Microsoft has detected new cyberattacks from Russia, China and Iran looking to target people and organizations both indirectly and directly involved in the upcoming 2020 election ahead of November.
"The majority of these attacks were detected and stopped by security tools built into our products," Microsoft Corporate Vice President of Customer Security and Trust, Tom Burt, said in a statement. "We have directly notified those who were targeted or compromised so they can take action to protect themselves. We are sharing more about the details of these attacks today, and where we’ve named impacted customers, we’re doing so with their support."
The tech giant found that Russian hacking group Strontium has attacked more than 200 organizations since September 2019 that are indirectly or drectly affiliated with the upcoming U.S. election as well as political and policy-related organizations in Europe, including:
- U.S.-based consultants serving Republicans and Democrats;
- Think tanks such as The German Marshall Fund of the United States and advocacy organizations;
- National and state political party organizations
According to Microsoft, Strontium is launching campaigns to harvest people’s log-in credentials or compromise their accounts, presumably to aid in intelligence gathering or disruption operations. The hacking group was previously identified in the Mueller Report as the organization primarily responsible for the attacks on the Democratic presidential campaign in 2016.
Microsoft also discovered thousands of attacks from Chinese hacking group Zirconium from March 2020 into September that have resulted in nearly 150 compromises. The company said that Zirconium has indirectly and unsuccessfully targeted the Biden campaign through non-campaign email accounts belonging to people affiliated with the campaign.
"We are aware of reports from Microsoft that a foreign actor has made unsuccessful attempts to access the non-campaign email accounts of individuals affiliated with the campaign," Deputy National Press Secretary for the Biden campaign Matt Hill told FOX Business in a statement. "We have known from the beginning of our campaign that we would be subject to such attacks and we are prepared for them. Biden for President takes cybersecurity seriously, we will remain vigilant against these threats, and will ensure that the campaign's assets are secured."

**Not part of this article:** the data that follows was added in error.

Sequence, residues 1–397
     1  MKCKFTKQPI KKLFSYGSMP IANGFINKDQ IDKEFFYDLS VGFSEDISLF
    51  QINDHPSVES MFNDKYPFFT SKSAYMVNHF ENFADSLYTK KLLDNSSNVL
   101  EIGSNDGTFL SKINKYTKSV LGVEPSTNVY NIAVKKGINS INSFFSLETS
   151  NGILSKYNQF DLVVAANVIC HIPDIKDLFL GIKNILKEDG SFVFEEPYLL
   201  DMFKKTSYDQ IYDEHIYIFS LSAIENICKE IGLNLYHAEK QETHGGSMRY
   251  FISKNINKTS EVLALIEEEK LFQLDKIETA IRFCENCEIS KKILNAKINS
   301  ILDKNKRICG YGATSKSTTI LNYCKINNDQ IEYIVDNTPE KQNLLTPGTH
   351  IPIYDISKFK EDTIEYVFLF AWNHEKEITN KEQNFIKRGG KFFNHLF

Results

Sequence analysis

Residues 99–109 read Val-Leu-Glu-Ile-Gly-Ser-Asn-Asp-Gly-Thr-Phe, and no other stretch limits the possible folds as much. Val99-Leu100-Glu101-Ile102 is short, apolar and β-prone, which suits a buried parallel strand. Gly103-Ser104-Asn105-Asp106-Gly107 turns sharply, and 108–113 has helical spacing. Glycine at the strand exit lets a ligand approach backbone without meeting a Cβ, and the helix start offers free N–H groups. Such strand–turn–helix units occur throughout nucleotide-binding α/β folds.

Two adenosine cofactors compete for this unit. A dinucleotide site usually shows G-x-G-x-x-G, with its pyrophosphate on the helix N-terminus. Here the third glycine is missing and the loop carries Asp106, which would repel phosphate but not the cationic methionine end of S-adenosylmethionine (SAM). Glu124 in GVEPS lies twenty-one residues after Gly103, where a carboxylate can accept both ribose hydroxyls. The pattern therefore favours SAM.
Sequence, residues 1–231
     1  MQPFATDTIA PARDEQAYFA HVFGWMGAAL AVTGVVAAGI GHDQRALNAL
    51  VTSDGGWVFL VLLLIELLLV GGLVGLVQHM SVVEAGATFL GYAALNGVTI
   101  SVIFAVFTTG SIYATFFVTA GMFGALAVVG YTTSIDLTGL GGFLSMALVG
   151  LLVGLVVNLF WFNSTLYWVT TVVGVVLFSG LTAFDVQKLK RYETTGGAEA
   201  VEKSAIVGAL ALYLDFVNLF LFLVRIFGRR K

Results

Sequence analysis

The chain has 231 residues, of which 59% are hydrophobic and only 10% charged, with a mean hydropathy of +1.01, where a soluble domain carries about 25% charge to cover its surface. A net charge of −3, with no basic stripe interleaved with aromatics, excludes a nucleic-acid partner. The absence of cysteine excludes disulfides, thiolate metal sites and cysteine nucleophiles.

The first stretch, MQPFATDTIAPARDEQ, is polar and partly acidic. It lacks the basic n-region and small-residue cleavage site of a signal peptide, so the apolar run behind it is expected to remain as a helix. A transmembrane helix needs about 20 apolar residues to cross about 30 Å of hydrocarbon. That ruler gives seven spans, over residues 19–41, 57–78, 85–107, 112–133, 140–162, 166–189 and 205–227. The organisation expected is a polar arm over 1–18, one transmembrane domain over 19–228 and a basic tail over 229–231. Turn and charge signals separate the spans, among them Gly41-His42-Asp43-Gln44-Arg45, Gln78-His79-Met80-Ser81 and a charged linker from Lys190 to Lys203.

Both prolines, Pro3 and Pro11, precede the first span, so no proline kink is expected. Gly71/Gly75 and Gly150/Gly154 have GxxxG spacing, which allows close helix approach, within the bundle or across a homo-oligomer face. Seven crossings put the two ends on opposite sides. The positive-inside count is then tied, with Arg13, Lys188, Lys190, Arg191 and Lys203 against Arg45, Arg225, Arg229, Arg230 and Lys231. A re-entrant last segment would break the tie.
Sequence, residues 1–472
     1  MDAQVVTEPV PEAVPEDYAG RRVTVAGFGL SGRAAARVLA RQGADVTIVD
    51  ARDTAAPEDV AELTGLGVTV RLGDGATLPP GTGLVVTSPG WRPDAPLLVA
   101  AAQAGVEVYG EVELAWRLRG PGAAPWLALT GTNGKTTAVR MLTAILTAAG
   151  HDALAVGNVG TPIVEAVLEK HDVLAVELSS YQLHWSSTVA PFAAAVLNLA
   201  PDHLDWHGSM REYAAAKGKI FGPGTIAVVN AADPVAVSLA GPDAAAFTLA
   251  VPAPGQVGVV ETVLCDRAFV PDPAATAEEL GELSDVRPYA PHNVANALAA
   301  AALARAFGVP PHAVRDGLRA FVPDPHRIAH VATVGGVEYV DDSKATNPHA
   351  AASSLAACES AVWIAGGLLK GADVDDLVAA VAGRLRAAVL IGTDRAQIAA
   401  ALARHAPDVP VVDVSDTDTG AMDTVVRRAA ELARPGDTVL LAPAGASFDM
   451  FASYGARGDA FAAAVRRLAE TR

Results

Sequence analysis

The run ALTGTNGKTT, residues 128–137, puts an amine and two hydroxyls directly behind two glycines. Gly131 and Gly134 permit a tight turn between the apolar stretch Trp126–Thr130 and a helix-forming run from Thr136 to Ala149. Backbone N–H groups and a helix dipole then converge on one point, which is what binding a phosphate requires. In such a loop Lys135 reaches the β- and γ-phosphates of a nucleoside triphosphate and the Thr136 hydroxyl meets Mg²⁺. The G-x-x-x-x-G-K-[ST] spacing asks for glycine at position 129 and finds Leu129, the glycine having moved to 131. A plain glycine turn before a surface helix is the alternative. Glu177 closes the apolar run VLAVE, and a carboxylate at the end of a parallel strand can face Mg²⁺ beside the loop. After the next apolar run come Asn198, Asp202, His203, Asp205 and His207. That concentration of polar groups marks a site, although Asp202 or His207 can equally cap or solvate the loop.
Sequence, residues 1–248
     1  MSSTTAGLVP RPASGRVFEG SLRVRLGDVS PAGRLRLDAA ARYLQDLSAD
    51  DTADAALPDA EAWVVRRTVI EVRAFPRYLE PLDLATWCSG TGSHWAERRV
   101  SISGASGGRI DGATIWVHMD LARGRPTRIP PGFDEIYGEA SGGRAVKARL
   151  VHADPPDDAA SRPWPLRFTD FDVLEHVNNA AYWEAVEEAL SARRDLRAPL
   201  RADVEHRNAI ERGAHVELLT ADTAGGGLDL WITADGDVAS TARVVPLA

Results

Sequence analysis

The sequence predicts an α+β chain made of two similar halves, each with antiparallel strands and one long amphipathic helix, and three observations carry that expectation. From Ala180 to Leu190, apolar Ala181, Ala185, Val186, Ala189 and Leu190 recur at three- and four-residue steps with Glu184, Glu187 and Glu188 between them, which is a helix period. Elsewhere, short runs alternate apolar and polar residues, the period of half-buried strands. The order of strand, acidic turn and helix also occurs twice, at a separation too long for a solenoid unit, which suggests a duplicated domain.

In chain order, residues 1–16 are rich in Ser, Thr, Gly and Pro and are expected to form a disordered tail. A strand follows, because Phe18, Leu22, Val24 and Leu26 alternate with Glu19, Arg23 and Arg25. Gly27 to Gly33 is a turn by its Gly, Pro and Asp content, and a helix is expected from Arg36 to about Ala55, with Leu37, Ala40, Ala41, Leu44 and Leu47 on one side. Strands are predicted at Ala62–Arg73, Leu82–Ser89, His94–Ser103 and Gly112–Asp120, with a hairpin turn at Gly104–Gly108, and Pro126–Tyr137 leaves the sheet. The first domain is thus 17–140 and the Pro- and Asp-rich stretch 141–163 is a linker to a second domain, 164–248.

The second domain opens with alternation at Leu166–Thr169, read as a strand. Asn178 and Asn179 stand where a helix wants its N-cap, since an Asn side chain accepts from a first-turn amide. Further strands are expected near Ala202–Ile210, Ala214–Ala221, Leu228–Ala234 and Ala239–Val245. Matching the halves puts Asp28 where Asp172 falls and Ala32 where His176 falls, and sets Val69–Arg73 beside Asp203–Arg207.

The group has also targeted at least one prominent individual formerly associated with the Trump Administration.
Individuals in the international affairs community were also targeted. These accounts range from academics in more than 15 universities and accounts tied to 18 international affairs and policy organizations including the Atlantic Council and the Stimson Center.
According to Microsoft, Zirconium uses what is referred to as web bugs, which send a URL in email, text, or as an attachment to an account which allows the group to perform reconnaissance to determine if an account is valid.
In addition, Microsoft said Irananian hacking group Phosphorus unsuccessfully attempted to log into personal and work accounts of administration officials and Donald J. Trump for President campaign staff between May and June 2020.
“As President Trump’s re-election campaign, we are a large target, so it is not surprising to see malicious activity directed at the campaign or our staff," Deputy National Press Secretary for the Trump campaign Thea McDonald told FOX Business in a statement. "We work closely with our partners, Microsoft and others, to mitigate these threats. We take cybersecurity very seriously and do not publicly comment on our efforts.”
Microsoft has previously taken legal action against Phosphorus’ infrastructure and its efforts late last year to target a U.S. presidential campaign. Last month, Microsoft was given permission by a federal court in Washington, D.C. to take control of 25 new internet domains used by Phosphorus. To date, Microsoft has taken control of 155 Phosphorus domains.
Microsoft added that additional federal funding is needed in the U.S. so states can better protect their election infrastructure.
"We continue to encourage state and local election authorities in the U.S. to harden their operations and prepare for potential attacks. But as election security experts have noted, additional funding is still needed, especially as resources are stretched to accommodate the shift in COVID-19-related voting," Microsoft said. "We encourage Congress to move forward with additional funding to the states and provide them with what they need to protect the vote and ultimately our democracy."
The new warning from Microsoft comes following a report issued by the Office of the Director of National Intelligence last month.